Centre for Social Concern (CFSC) has said low income earners in the country are facing huge challenges to earn a decent living despite government efforts to narrow cost of living and earning gap by the revising the minimum wage and tax-free band.
Minister of Finance, Economic Planning and Development Joseph Mwanamvekha announced in Parliament last month a revision of minimum wage from K25 000 to K35 000 and free tax band from K35 000 to K45 000 in this financial year.
But in a statement issued this week, CfSC economic governance programme officer Bernard Mphepo said the new minimum wage and the tax free band is still low, highlighting that monthly Basic Needs Basket (BNB) research findings reveal that the level of income for many Malawians fall below half of their requirements.
“This reality is not necessarily due to performance of our economy, but total negligence of the reality on ground. The question to all Malawians is what can be done to change the situation?
“The monthly Urban Basic Needs Basket [UBNB] carried out by the CfSC in the month of September reveals that the cost of living is over K200 000. The food poverty line was above K120 000 which represents 60 percent of the total cost,” he said.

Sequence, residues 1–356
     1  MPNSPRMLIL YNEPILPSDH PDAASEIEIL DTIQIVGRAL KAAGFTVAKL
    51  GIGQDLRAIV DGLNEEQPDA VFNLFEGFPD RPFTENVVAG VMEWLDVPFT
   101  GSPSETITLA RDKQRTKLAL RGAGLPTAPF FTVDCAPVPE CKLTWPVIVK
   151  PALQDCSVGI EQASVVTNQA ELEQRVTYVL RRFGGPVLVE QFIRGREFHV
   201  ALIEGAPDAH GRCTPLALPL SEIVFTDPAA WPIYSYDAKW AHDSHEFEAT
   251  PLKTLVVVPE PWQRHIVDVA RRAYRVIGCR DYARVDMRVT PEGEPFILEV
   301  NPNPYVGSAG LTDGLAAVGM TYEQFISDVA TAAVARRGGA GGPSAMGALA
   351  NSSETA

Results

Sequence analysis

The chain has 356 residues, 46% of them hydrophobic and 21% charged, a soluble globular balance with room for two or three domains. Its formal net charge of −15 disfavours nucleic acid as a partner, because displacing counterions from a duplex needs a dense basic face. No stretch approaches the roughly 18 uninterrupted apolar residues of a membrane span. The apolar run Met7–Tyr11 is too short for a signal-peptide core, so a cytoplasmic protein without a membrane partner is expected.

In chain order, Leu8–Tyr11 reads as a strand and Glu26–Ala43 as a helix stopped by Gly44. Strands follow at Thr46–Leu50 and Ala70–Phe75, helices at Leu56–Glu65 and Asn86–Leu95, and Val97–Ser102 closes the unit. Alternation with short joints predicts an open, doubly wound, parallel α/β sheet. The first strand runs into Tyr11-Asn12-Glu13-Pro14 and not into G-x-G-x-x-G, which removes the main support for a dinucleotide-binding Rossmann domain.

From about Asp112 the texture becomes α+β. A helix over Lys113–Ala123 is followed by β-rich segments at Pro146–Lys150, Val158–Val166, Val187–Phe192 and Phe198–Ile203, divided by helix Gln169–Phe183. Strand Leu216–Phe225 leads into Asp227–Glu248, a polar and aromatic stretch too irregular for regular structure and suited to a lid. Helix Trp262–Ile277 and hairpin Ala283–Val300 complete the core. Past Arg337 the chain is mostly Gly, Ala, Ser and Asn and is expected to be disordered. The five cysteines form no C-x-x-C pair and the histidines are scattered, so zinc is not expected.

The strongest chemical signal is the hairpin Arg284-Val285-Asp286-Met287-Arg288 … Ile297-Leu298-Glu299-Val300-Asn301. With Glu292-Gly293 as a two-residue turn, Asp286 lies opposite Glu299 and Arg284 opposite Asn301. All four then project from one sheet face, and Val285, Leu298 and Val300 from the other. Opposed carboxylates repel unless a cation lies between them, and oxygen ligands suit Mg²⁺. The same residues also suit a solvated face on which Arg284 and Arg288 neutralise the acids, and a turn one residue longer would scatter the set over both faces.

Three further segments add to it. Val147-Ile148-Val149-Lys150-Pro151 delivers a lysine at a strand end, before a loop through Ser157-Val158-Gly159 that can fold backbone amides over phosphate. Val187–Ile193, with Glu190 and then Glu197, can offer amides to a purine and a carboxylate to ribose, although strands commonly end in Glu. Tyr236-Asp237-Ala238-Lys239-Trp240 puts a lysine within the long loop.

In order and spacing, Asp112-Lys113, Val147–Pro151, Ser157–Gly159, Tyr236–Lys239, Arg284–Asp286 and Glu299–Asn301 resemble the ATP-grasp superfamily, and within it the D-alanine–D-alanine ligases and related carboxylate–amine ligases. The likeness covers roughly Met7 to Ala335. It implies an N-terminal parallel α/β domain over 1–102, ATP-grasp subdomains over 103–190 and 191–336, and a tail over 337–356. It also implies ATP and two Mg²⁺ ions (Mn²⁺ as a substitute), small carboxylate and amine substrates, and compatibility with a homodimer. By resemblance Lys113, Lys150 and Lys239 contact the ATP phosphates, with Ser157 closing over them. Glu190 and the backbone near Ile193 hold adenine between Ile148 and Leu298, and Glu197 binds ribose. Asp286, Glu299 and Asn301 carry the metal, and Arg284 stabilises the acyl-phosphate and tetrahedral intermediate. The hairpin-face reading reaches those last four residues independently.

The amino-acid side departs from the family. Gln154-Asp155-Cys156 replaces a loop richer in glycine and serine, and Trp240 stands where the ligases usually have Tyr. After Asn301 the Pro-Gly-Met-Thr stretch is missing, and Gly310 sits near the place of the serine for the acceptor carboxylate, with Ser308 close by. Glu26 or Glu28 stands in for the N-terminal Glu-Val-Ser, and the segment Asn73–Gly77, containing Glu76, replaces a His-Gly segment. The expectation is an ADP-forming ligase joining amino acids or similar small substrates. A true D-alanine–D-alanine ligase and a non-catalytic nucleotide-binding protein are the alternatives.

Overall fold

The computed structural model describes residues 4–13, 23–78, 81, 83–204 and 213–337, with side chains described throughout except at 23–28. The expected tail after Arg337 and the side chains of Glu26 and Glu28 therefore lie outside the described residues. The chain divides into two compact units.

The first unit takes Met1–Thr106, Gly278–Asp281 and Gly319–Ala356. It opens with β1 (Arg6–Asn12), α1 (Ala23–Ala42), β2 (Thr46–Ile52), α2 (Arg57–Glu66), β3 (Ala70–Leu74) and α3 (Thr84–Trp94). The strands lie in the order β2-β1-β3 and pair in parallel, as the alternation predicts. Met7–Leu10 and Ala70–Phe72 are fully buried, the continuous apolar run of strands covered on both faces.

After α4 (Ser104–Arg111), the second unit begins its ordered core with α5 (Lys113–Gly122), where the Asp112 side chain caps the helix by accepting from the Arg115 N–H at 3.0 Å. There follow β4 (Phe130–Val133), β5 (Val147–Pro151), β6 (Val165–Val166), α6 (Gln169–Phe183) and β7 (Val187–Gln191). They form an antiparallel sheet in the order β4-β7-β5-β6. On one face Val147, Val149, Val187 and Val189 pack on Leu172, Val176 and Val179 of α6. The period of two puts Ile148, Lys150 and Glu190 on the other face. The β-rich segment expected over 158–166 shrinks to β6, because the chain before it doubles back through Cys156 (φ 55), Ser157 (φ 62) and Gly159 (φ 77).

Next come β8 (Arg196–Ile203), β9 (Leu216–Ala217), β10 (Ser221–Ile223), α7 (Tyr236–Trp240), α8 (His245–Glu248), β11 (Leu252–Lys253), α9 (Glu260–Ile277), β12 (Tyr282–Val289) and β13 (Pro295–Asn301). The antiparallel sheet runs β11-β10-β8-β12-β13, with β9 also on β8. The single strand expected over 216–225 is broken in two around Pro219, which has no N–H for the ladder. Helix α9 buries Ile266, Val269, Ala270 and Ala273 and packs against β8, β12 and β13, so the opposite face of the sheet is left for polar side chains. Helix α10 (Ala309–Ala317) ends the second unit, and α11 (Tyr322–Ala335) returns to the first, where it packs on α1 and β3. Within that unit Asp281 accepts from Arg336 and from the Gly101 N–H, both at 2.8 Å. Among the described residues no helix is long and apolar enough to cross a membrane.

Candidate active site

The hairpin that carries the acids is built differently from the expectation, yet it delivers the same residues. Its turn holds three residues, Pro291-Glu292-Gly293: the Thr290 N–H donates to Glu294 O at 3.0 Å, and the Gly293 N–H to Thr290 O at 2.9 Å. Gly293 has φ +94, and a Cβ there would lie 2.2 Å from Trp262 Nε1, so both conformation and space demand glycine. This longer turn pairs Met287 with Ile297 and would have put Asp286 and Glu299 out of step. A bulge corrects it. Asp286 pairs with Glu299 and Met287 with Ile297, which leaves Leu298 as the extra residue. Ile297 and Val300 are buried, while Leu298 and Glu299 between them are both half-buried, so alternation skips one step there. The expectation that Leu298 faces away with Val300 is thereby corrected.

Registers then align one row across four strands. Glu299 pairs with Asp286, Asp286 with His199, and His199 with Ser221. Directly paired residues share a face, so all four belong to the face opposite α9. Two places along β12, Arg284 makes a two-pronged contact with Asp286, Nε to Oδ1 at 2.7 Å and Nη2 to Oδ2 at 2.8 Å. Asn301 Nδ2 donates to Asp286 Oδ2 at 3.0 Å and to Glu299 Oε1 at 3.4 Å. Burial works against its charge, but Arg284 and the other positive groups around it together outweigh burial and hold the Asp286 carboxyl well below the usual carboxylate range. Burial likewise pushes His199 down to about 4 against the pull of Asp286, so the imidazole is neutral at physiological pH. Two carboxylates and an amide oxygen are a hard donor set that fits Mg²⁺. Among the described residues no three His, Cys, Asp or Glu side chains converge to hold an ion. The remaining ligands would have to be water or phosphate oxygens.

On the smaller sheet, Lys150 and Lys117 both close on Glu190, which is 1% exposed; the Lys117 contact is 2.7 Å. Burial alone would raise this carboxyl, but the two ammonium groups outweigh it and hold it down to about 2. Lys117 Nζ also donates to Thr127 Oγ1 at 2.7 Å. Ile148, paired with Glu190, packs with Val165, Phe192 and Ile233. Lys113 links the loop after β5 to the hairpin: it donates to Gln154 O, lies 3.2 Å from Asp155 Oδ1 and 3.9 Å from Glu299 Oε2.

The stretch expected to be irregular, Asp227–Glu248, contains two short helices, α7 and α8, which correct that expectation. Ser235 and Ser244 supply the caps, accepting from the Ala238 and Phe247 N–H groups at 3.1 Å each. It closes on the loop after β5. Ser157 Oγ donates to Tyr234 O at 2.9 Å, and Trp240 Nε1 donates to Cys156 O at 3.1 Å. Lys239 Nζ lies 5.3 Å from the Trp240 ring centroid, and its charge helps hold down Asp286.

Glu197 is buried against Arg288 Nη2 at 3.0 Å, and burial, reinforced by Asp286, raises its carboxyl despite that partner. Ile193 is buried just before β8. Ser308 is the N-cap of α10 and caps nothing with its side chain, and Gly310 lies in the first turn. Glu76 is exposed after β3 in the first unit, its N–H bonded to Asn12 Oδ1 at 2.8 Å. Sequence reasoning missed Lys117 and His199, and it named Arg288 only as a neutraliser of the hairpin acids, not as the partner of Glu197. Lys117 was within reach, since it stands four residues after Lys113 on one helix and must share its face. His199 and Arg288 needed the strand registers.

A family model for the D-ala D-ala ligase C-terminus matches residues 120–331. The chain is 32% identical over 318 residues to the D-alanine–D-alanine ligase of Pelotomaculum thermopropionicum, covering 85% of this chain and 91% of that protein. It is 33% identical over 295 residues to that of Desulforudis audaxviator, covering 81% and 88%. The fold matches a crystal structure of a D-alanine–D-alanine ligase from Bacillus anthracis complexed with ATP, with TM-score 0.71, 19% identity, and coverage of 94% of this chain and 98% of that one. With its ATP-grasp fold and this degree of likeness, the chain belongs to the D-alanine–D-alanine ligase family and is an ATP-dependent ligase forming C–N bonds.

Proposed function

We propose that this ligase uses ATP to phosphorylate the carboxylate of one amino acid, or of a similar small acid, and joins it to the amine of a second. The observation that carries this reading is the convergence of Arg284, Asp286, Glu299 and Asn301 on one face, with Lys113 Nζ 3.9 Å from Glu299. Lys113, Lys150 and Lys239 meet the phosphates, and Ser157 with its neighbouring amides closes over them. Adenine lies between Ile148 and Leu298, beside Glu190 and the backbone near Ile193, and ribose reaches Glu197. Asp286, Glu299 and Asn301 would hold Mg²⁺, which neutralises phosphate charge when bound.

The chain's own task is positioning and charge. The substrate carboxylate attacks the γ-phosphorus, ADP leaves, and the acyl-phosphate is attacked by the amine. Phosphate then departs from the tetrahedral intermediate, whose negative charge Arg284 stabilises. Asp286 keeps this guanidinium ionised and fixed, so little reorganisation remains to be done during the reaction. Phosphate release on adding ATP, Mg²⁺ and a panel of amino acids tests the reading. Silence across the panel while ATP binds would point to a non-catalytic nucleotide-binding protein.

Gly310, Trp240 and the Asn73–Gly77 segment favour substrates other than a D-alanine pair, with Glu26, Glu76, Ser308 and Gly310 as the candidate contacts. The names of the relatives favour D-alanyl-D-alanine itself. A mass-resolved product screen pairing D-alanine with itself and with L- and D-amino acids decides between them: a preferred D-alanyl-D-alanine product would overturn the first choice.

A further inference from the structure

According to Mphepo the rising cost of food items such as maize and vegetables are contributing to increased cost of living.
“Food is basic need that one cannot do without. The fact that the cost of living is significantly influenced by the cost of food shows how agro based policies should be taken seriously in implementation of the budget to protect the welfare of Malawians,” he said.
He said lack of adequate income leads to poor nutrition status; hence, the denial of a good psychological environment at home to support family needs highlighting that adequate nutrition is essential for one’s physical and intellectual development and work productivity and is, therefore, an integral element for socioeconomic development.
In an interview tax expert Misheck Msiska, who is partner at audit and tax advisory firm EY, explained that government could do more to balance the gap between cost of living and earnings.
“The revision in tax free band and minimum wage is a good step but not enough to reflect on the economic realities facing the lowly paid employee. At least K100 000 would have been a better threshold for the tax free band,” he said.
Malawi’s headline inflation has in recent three months been on the rise, until last month when it slowed to 9.2 percent, as price for maize, Malawi’s staple food has been escalating in the past months.